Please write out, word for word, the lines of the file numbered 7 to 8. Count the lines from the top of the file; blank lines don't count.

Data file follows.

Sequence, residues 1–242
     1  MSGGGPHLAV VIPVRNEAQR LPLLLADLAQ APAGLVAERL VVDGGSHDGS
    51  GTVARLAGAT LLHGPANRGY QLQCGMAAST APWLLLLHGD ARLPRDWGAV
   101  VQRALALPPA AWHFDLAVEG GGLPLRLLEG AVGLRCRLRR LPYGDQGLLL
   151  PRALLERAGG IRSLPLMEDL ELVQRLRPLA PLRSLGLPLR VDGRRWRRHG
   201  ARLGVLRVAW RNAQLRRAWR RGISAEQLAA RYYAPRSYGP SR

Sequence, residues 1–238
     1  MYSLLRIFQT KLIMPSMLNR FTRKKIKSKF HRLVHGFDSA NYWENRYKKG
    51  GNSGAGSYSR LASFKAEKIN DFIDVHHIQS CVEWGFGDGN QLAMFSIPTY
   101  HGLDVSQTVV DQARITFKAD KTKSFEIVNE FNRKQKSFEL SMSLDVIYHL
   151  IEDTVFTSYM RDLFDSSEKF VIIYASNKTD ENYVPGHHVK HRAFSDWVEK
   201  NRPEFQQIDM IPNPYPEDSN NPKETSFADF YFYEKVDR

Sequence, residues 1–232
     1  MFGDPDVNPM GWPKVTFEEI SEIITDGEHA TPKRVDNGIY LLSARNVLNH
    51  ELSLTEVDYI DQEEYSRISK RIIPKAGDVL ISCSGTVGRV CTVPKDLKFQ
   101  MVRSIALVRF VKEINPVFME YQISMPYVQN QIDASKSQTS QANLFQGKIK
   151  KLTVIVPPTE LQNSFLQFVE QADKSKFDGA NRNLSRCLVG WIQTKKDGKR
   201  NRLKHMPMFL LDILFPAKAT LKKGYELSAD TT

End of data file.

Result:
Sequence, residues 1–238
     1  MYSLLRIFQT KLIMPSMLNR FTRKKIKSKF HRLVHGFDSA NYWENRYKKG